Sherlock Holmes And The Ailing Tractor: Part V

Without a functioning tractor the lawn lost all respect for authority. In a rush I picked up some tools and set out to find what I’d screwed up. Man it sucks to undo “repairs” that you just finished. All those nice new seals I’d lovingly put in place. Ripped apart! Mangled gaskets wound up laying on the floor without a single run cycle. I ordered another gasket kit. Gotta’ break a few eggs to make an omelet. Plus an electrical harness came into the picture.  By now I’m “all in”.

A new starter came in the mail (the old one has been dead forever). I reluctantly ordered a steering link that I’d inadvertently mangled (twice).

I played Rock and Roll really loud, pounded a beer, swore, dropped a wrench on my foot, took a deep breath, peered into the crankcase and…

Nothing. Everything looked right. I measured tolerances with plastigauge. (As if I hadn’t before.) I checked torque specs. (Again.) I loosened stuff, tightened stuff, hit things with a mallet, drank more beer…

I could not figure out what I’d done wrong. I was as stuck as the tractor.

So I turned to the wisdom of Sherlock Holmes:

“When you have eliminated the impossible, whatever remains, however improbable, must be the truth.” Sherlock Holmes

Everything I had done was done correctly. (Yeah, I’m as surprised as you are!)

It must be something I hadn’t done. What was the one thing that I hadn’t done?

The machining! Perhaps the crankshaft was imperfect? How would I know? I couldn’t tell. I could tinker around with a micrometer but what was the expected measure and how does one check that the axis is correct? I needed a wizard’s help.

My machinist consulting a book of crankshaft specifications.

I hoisted the whole block (not stripped of it’s parts but bristling with components…what a hassle) and strapped it in my truck. Then set out to find a machinist. If a good mechanic is a boon to society, a machinist is the frightening dark wizard that goes beyond mere mechanics and manipulates metal at it’s most elemental level. The machinist works his magic on the very materials that make everything everywhere possible. The day the last machinist dies is the day we’re all consigned to living in mud huts and throwing rocks at each other.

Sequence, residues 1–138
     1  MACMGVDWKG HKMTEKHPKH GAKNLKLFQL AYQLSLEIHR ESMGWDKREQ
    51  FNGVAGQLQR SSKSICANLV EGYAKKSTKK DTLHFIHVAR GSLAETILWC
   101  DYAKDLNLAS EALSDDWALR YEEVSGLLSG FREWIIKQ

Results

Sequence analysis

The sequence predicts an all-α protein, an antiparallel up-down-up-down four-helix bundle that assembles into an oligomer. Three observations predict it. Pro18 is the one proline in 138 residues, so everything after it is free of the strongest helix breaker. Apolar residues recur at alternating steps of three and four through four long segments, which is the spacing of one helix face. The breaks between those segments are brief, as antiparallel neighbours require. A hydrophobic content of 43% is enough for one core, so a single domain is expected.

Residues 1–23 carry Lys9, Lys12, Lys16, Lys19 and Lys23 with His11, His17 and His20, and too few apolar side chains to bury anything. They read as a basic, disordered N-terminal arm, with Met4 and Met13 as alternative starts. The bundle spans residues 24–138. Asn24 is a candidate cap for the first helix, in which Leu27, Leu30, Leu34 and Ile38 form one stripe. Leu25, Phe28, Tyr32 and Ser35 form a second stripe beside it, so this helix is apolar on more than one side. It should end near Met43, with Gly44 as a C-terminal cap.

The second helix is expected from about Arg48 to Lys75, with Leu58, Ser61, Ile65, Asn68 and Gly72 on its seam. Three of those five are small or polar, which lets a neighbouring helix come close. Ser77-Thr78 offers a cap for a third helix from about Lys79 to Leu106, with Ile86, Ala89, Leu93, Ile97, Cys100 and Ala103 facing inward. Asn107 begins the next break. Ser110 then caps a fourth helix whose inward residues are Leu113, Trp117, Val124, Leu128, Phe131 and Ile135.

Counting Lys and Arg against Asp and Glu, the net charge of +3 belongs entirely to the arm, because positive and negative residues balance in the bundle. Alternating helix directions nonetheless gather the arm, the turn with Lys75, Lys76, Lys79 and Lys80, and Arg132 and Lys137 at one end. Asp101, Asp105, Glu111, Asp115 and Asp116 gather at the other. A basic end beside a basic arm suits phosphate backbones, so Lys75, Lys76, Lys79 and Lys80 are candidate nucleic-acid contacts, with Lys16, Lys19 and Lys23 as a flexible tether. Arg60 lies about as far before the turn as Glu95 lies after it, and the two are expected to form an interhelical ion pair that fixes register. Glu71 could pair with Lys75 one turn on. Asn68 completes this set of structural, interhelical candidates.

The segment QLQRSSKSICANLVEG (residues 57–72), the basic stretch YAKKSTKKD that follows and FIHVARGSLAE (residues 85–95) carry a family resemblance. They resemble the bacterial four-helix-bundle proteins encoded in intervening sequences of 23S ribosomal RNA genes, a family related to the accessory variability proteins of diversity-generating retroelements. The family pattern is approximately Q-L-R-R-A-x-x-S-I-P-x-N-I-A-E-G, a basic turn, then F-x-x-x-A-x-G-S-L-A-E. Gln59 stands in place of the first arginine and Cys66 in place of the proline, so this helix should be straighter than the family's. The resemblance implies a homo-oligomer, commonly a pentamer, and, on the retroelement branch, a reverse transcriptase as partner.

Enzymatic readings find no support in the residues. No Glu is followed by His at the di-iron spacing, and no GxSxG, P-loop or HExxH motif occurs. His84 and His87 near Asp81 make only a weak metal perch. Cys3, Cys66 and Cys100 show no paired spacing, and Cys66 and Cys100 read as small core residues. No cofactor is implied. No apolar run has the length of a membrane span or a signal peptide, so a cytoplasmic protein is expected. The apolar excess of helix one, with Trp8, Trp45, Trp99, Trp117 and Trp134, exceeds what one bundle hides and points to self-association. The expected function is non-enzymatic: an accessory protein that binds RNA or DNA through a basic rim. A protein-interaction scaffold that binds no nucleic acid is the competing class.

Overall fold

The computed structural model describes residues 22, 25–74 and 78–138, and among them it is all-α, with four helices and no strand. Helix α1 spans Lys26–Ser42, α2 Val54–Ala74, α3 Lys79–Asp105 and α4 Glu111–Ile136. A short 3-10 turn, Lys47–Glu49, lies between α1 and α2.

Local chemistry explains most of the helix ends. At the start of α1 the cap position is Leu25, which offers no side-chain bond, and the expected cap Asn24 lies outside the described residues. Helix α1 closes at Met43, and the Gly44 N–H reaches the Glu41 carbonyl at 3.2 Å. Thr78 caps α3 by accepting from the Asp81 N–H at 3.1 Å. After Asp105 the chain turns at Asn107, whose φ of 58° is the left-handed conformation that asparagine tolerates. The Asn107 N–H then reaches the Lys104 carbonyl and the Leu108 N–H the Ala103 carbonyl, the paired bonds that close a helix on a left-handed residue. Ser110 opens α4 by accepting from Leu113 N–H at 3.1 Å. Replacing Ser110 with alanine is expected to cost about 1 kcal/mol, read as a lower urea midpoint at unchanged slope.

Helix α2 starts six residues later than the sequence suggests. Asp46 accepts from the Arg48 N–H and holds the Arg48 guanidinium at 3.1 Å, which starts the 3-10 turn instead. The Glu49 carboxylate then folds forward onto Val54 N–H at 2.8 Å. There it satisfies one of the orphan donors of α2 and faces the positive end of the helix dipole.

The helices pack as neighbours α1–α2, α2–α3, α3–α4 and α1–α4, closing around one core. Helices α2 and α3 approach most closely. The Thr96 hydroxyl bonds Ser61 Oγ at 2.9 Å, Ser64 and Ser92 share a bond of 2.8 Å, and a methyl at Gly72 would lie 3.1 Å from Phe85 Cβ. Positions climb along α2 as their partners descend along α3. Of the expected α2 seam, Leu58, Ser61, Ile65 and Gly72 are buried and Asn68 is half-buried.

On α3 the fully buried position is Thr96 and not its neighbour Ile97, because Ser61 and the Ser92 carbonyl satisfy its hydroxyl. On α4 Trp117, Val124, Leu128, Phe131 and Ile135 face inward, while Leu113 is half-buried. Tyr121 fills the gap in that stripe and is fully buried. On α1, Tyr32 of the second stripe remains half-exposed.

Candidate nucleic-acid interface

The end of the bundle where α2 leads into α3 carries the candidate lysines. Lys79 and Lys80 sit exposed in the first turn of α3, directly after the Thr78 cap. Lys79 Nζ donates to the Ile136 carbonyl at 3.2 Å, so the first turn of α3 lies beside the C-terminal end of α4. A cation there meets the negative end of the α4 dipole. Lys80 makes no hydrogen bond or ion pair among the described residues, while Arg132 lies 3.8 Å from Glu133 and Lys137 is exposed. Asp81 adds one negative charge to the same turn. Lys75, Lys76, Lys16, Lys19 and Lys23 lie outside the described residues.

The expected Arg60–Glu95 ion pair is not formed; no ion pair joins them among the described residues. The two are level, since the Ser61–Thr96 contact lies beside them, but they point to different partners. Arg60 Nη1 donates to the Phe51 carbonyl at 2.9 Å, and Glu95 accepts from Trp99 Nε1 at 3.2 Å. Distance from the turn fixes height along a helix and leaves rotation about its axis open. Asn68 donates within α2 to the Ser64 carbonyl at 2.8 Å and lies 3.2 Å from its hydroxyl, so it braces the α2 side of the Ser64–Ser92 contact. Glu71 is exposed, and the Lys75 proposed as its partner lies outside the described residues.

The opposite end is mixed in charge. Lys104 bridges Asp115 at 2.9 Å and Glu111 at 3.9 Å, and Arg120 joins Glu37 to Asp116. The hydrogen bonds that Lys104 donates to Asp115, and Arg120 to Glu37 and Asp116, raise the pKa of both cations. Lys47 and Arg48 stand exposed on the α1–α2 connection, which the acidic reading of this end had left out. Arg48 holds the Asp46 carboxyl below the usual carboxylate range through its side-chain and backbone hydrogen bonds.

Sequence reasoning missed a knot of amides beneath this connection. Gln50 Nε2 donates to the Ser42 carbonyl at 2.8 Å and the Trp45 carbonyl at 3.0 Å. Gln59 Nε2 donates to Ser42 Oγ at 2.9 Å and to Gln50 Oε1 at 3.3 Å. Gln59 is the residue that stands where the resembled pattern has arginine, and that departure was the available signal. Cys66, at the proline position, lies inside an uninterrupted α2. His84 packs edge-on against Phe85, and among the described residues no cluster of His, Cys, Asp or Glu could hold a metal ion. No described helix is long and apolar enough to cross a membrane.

I was received like something he’d stepped in. I explained precisely what was wrong “it don’t work” and what I’d like him to do “find out why” and how important it was “please…I beg of you.”

A week later the oracle of machinery summoned me to his castle. “Your crankshaft was machined wrong.” He eyed me suspiciously. Had I been dabbling in his arts?

“No shit!” I was relieved. “You’re sure I didn’t hose something up?”

“Well maybe you did…but the crankshaft isn’t right. How did you machine it?”

“I didn’t.” I stammered. “I paid a guy. At a machine shop. About 300 miles away. Apparently he hosed me?”

“Yes,” he smiled, pleased that I hadn’t done the terrible deed on my own, “you have been hosed.”

“Could you please machine it correctly?” I said, trying to act cool while thinking ‘Oh please please please. I’ll do anything. I need that crankshaft.  Help me Obi Wan you’re my only hope!’ I do not lose my dignity before scientists, surgeons, lawyers, famous authors, rock stars, or generals…but a machinist. There’s a man with power!

He seemed pleased. He agreed to get around to it sometime. I left an offering of money and slipped out the door.

A week later the crankshaft was done. Excellent. I paid more money. I’d have given him a kidney.

……..

And that’s where the story ends… Interruptions took over again. There was a medical emergency. Some zombies needed killing. I have the tragedy of a day job. The IRS did a rectal probe. Some work travel was necessary. The Huns were massing on the border and I had to ride out and kick some ass. Then the weather seemed to favor cutting firewood over garage work. (Long grass sucks but frozen pipes are worse. Don’t taunt winter!)

Nothing yet has happened with the tractor. The crankshaft and bearings are stacked neatly next to the gutted tractor. The engine rests bolted in a stand.

The auxiliary tractor is covered with cobwebs, has a chicken roosting under it, and is leaking everything everywhere.